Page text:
The heritage conference was held in Annapolis Royal this year with major help from the Annapolis County Heritage Advisory Committee's chair Marilyn Wilkins and staff at the county office. Annapolis Heritage Society's Ryan Scranton and Bridgetown's Steve Raftery were also involved. This was a group effort. Team 300 was also involved as was Queen Anne and her retinue.
The Queen, her lady-in-waiting, her herald and her footman were invited to lunch at the Royal Canadian legion's Community Hall on the first day. Queen Anne and Sarah Churchill, the Duchess of Marlborough read parts of letters they had written to each other. Here is that script which was introduced by the Royal Herald, Peter Davies.
In 1673, Princess Anne, the second daughter of James, Duke of York (afterwards James II), and his first wife, Lady Anne Hyde, began a long-lasting deep relationship with Sarah Jennings, the future wife of Lord John Marlborough. Sarah was a most influential advisor to the princes and later when Anne became queen. Sarah Churchill became Anne's Lady of the Bedchamber, and, by Anne's desire to mark their mutual intimacy and affection, all deference due to her rank was abandoned and the two ladies called each other Mrs. Morley and Mrs. Freeman.
We invite you to listen in on some of their correspondence – First, from Sarah who said that the perfect friendship, once made, had to be cemented. Anne, Sarah remembered -
…grew uneasy to be treated by me with the ceremony due to her rank and with the sound of words that implied superiority. It was this turn of mind which made her one day propose to me that when ever I should happen to be absent from her we might in all our letters write ourselves by feigned names such as would import nothing of distinction by rank between us. Morley and Freeman were the names her fancy hit upon and she left me to choose by which of them I would be called. My frank open temper naturally led me to pitch upon Freeman, and so the Princess took the other; and from this time Mistress Morley and Mistress Freeman began to converse as equals, made so by affection and friendship. Mistress Morley’s discourse had nothing of brightness or wit but rather an insipid heaviness turning chiefly upon fashions and rules of precedence or observations upon the weather.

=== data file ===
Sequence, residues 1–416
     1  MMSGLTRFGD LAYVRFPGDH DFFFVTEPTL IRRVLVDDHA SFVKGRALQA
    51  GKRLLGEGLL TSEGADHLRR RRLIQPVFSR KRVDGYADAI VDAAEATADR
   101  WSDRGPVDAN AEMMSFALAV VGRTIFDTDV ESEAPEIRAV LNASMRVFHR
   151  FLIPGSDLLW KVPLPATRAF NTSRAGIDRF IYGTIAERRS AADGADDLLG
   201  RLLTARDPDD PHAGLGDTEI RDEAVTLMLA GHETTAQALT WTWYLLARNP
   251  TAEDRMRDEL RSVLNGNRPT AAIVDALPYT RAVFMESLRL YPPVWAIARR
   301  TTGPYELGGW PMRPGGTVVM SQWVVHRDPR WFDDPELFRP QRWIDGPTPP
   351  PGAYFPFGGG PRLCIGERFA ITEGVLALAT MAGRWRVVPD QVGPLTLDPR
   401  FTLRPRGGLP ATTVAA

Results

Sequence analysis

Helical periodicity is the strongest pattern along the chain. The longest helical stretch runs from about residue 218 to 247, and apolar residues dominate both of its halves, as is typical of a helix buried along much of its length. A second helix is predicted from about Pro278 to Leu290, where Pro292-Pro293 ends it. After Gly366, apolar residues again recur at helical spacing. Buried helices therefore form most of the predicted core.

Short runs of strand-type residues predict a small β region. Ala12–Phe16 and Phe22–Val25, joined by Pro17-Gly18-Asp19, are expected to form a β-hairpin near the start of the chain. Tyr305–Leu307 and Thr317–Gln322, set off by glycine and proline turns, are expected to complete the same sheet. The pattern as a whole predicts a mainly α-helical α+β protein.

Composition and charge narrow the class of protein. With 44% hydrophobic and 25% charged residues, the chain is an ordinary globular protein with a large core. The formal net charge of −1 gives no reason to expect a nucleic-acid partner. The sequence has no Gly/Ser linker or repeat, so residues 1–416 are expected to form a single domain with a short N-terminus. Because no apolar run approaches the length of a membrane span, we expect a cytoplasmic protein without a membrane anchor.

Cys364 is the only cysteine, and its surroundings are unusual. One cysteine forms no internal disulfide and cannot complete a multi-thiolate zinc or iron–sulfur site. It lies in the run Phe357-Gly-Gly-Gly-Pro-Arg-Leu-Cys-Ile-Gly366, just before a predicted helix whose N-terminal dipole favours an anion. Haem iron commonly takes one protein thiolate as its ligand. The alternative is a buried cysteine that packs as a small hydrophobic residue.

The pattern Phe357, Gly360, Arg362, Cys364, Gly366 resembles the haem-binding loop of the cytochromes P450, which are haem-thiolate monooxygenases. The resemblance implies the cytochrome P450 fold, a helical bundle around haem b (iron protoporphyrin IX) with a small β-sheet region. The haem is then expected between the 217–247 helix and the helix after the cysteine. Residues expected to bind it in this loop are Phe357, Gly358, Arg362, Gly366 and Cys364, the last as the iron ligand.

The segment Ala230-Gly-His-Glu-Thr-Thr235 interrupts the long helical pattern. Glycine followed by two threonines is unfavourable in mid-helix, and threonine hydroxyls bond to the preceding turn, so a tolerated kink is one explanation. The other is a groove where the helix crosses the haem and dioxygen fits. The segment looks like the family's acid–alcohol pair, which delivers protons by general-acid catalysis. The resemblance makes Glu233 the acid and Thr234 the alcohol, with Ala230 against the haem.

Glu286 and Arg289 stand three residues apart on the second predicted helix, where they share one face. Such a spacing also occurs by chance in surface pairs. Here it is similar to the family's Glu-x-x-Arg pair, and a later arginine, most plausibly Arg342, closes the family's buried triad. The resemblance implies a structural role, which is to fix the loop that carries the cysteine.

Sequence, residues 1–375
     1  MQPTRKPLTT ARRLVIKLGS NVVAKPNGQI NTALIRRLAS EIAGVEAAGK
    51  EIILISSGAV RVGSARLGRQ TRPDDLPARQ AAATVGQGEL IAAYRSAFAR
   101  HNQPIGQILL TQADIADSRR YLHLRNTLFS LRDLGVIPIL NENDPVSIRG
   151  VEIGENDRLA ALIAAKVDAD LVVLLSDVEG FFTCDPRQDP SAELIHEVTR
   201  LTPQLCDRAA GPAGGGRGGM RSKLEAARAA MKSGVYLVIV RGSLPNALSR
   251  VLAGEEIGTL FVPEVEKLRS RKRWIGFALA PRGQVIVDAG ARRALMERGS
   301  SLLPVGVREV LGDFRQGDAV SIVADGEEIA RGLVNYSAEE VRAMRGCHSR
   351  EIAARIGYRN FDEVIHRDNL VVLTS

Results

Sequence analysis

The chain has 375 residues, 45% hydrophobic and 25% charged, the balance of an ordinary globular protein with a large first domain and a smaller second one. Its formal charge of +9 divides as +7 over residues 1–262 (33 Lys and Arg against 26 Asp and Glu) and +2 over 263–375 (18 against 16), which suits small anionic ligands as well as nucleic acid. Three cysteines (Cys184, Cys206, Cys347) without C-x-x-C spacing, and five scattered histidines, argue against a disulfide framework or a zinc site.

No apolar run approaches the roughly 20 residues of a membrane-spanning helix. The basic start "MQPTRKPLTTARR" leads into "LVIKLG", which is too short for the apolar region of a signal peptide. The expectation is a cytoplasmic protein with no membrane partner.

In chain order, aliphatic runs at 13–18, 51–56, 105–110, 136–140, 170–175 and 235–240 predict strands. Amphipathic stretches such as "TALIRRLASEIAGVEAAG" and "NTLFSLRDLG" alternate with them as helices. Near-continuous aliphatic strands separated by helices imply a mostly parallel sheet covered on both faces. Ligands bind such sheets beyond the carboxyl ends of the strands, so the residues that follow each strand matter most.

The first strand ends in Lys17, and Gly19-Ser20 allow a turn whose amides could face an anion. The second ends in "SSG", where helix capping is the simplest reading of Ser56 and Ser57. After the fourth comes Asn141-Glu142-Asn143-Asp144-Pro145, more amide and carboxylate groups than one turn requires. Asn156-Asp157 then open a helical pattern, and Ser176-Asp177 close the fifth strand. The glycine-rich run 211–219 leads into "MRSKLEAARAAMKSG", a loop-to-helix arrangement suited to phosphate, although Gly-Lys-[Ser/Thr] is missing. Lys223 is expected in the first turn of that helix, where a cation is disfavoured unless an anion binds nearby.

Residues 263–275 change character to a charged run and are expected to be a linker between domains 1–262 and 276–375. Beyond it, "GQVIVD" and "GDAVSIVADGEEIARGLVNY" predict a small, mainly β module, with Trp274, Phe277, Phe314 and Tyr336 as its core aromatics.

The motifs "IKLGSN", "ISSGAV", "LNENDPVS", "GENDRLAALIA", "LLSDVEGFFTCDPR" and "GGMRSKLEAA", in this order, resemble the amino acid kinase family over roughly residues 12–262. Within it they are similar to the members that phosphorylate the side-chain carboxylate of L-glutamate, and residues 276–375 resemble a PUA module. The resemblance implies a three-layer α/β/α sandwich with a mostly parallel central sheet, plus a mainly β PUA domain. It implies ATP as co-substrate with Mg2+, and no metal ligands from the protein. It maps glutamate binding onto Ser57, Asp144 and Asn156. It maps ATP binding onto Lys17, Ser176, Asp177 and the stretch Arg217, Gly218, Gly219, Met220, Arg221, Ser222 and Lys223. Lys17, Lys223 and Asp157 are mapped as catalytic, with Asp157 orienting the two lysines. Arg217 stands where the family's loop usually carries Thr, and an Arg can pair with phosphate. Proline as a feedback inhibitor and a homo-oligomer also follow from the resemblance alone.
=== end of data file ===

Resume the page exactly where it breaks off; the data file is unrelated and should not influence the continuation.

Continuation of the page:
Queen Anne: I know that I am morose and need to be entertained but… Lady Howard and Mistress Griffith have been with me today. The first goes out of town tomorrow and says she loves the country mightily but yet looks very melancholy when she speaks of it. My other visitor at my request mimicked you and several others. Lady Frescheville she does much the best, but for yourself she does overact you.
Lady Marlborough: I would caution you mightily, Mistress Morley, not to refer to William – the king – in a negative manner. Should our letters fall into the wrong hands there could be much trouble. I beg that you burn my letters to you, dear friend and know that I am scratching out all those expletives in yours. In these times, it is best to be very careful.
Queen Anne: I kissed your dear kind letter over and over and burnt it much against my will.
Lady Marlborough: I remember one day I told the Queen, when she was easy with me, that I thought there was nothing in the world so good for her as well as for England as to desire of her own accord to have the young Prince of Hanover and breed him as her own son, which would in the first place secure her own line against the Roman Catholics and make the young man acquainted with the law and customs of a country that one day (though I hoped it was a long way off) he would govern; to which she answered, not being very well pleased, that she believed nobody of her age and who might have children would do that; which was very vain of thought and I believe proceeded more from her pride or fear of having anybody here to be courted than that she really could expect children, though she was not forty, because she had had before seventeen dead ones.
And here is a photo of our small procession out of the conference.